Notes from the Green Party Candidate for South Norfolk, for General Election 2015. Longer reflections and discussions on issues relating to policy, the good life, justice, equality, anti-austerity economics and the future of the planet. This is also a forum for exchanging ideas on how to tread lightly on the planet and avoid supporting exploitation and corrupt practices. Here we go...

Friday, 23 March 2007

Paper handkerchiefs

I apologise for the long silence which was due to being ill (the flu) and then being so behind with my work (and so weak after being ill) that I haven't had any time left for time-wasting activities like the Blogs.

It seemed appropriate after being ill to make some remarks on illness. This time it's about how to blow your nose in an environmentally friendly way.

At Norwich I used to have a box of 3-ply man size tissues (that is, paper handkerchiefs, Kleenex in american speak) which had been on my bathroom shelf for some years. In the Autumn I loaned out my cottage to a couple we know from Church (this was part of an auction of promises to raise money for the new organ, and I offered a weekend break in Norwich).

When I returned, the cottage had been well cared for, all was in order, except for one thing: the tissue box was empty. Now that's interesting, because I'd had it from before I moved to Norwich, maybe three years. I don't remember it being very near to empty. It made me wonder whether other people use such things rather more than I do.

It's not that I don't ever have a runny nose. Of course I do, and I had a terrible one last week, one of those that runs like a tap. The Professor also has an allergy of some sort which means that he sometimes has a runny nose for days at a time. But we don't use former trees to mop our noses, for the most part.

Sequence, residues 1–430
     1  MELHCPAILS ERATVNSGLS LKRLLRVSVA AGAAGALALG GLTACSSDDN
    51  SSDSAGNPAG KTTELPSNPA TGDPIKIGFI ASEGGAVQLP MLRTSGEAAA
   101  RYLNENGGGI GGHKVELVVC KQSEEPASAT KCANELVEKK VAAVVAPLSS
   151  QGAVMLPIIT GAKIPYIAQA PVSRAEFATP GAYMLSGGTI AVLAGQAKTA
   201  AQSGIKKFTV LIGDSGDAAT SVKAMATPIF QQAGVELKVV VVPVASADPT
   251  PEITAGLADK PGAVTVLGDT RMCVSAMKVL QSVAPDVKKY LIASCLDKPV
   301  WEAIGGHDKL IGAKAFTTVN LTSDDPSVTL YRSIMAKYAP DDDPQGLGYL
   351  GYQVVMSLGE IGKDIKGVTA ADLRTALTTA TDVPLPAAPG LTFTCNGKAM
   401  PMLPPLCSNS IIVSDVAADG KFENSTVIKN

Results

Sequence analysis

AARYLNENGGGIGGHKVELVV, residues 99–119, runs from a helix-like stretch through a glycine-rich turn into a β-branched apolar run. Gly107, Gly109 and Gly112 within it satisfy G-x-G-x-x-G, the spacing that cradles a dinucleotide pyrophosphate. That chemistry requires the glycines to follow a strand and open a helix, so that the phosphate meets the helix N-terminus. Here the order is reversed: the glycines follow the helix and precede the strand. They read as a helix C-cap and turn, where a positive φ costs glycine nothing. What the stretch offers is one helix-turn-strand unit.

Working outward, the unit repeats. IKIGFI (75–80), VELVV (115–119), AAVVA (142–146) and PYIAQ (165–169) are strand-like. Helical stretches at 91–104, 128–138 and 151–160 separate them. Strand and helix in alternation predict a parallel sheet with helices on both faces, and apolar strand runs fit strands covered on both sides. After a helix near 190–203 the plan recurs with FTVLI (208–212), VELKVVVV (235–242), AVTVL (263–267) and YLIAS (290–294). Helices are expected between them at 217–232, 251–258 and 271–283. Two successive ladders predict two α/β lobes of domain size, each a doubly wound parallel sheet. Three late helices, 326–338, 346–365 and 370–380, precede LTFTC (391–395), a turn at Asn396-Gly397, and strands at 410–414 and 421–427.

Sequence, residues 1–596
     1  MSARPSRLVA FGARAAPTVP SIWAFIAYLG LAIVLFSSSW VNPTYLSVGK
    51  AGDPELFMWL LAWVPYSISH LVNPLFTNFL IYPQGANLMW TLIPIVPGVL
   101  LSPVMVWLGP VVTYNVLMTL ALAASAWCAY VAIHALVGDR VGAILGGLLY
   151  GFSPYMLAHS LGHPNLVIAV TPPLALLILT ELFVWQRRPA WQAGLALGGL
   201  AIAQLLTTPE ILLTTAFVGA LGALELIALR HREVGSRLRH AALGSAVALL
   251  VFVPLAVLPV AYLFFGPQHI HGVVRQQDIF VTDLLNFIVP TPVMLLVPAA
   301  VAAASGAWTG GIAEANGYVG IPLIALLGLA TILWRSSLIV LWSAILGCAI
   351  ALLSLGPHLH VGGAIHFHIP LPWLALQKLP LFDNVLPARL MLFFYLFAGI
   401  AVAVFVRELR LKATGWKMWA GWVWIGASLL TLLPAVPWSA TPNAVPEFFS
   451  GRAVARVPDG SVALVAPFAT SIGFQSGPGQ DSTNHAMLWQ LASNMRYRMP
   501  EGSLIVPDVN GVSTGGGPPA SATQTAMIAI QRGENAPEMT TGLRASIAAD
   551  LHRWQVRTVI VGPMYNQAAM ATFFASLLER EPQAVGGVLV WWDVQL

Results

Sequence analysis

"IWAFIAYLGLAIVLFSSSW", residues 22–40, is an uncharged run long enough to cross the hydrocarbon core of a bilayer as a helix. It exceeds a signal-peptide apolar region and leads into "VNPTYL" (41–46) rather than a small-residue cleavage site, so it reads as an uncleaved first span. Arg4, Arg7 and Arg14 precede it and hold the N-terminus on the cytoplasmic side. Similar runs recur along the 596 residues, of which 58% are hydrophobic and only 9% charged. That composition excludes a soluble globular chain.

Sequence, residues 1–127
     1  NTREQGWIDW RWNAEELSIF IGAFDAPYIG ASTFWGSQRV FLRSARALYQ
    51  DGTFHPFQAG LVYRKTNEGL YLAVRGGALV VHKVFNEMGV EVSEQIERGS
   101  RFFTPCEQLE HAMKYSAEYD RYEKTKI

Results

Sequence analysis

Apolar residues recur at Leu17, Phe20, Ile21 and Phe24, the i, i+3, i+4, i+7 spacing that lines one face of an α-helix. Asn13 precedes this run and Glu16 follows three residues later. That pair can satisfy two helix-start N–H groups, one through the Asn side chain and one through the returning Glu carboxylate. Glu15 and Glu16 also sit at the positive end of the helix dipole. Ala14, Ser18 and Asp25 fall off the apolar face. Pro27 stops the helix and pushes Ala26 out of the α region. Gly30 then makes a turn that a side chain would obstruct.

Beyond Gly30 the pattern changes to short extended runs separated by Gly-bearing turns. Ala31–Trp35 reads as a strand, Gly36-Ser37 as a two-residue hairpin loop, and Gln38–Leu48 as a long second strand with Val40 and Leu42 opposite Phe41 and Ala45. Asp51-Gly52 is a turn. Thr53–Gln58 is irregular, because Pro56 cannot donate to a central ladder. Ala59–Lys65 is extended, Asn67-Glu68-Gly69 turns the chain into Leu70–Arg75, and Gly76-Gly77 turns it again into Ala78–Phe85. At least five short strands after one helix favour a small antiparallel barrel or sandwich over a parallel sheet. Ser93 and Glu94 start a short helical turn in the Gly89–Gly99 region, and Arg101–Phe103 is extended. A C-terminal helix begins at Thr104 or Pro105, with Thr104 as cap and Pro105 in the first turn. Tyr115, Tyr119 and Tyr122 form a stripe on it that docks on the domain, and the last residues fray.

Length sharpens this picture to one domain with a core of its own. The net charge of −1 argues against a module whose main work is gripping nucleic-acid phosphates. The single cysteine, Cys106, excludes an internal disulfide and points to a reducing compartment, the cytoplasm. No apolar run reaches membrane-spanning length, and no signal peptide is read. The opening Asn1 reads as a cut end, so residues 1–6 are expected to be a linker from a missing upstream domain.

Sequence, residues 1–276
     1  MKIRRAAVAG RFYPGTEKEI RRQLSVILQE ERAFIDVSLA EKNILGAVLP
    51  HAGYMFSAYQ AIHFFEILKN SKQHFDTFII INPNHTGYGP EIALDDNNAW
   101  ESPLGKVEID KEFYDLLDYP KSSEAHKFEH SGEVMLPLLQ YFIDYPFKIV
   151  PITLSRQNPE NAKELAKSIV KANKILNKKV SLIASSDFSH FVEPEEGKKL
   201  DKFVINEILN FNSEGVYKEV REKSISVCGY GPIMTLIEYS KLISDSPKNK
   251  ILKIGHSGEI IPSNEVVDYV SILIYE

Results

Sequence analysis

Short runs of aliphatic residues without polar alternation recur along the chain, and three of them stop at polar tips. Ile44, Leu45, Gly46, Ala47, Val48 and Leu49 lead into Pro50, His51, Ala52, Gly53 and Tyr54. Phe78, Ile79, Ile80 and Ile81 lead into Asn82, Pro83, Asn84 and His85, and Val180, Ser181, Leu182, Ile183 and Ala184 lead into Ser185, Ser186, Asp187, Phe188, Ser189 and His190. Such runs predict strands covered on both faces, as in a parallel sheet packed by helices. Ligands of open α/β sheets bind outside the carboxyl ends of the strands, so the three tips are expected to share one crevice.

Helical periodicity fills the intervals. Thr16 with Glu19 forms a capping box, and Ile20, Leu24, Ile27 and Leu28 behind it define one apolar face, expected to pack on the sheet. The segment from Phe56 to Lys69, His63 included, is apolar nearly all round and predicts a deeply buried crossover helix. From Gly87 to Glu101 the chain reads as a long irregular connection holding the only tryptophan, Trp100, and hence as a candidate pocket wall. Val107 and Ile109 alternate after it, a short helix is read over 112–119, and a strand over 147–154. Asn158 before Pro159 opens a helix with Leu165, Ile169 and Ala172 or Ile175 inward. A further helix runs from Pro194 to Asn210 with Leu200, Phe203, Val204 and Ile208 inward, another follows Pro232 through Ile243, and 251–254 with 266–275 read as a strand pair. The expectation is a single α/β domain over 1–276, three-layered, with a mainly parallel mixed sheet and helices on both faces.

Here is a list of four kinds of things I use for runny noses:

1. Elegant ladies' handkerchiefs in pure cotton. These are small and usually embroidered or trimmed with lace. I use these for everyday use and for going to a weepy movie. They fit in a pocket without causing any ugly distortion.

2. Larger hankies, man size. These are useful for the after-a-cold period, when there's quite a lot of catarrh and a small hankie would be quickly used up. One dozen pure cotton white hankies costs £5 on Norwich market.

3. Bits of old sheet. These are the best thing for a seriously runny cold when you're in bed at home. The sheet needs to have been made of pure cotton (brushed cotton is especially soft and comforting) and should have worn thin and ripped. The result is unbelievably soft and absorbent. You tear off a piece the size you need (very large if the cold is seriously streaming) and when it's a bit damp you can either throw it away or put it aside to be washed and used again (the edges fray but that really doesn't matter). These cost nothing of course, and the laundry is normally just a minor addition to the usual load of white washing.

4. Muslin nappies. An excellent use for the nappies so little used by newborn babies. They are soft and extremely absorbent (you'd probably get through a whole box of tissues before one muslin nappy is too wet to use). The professor (who has some kind of rhinitis allergy) generally carries several muslin nappies in his briefcase in case of an attack of the runny nose—on a bad day he gets through two or three. In fact the muslins our girls had when they were newborn have all now worn out and become disreputable, so a new pack had to be purchased recently. 20 muslin squares cost £22.99 from Mothercare.

Here's a list of the advantages of using these real cotton products over the disposable wood fibre products that they call "handkerchiefs" or "tissues".

1) the cotton ones are much more absorbent than woodchips

2) they cause less soreness than woodchips,

3) they're always there even if you're too ill to go to the shops

4) they don't end up in the landfill (or, if eventually you throw away the rags, they were going to waste anyway and have had a useful recycled life first).

5) BEST OF ALL they don't deposit a white fuzz all over everything in the washing machine if you accidentally leave one in your pocket!
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